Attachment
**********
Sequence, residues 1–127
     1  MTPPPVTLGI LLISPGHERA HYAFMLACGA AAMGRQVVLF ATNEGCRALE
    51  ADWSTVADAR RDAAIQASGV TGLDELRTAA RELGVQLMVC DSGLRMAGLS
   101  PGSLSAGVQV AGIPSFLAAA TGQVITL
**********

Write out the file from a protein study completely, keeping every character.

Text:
Sequence, residues 1–127
     1  MTPPPVTLGI LLISPGHERA HYAFMLACGA AAMGRQVVLF ATNEGCRALE
    51  ADWSTVADAR RDAAIQASGV TGLDELRTAA RELGVQLMVC DSGLRMAGLS
   101  PGSLSAGVQV AGIPSFLAAA TGQVITL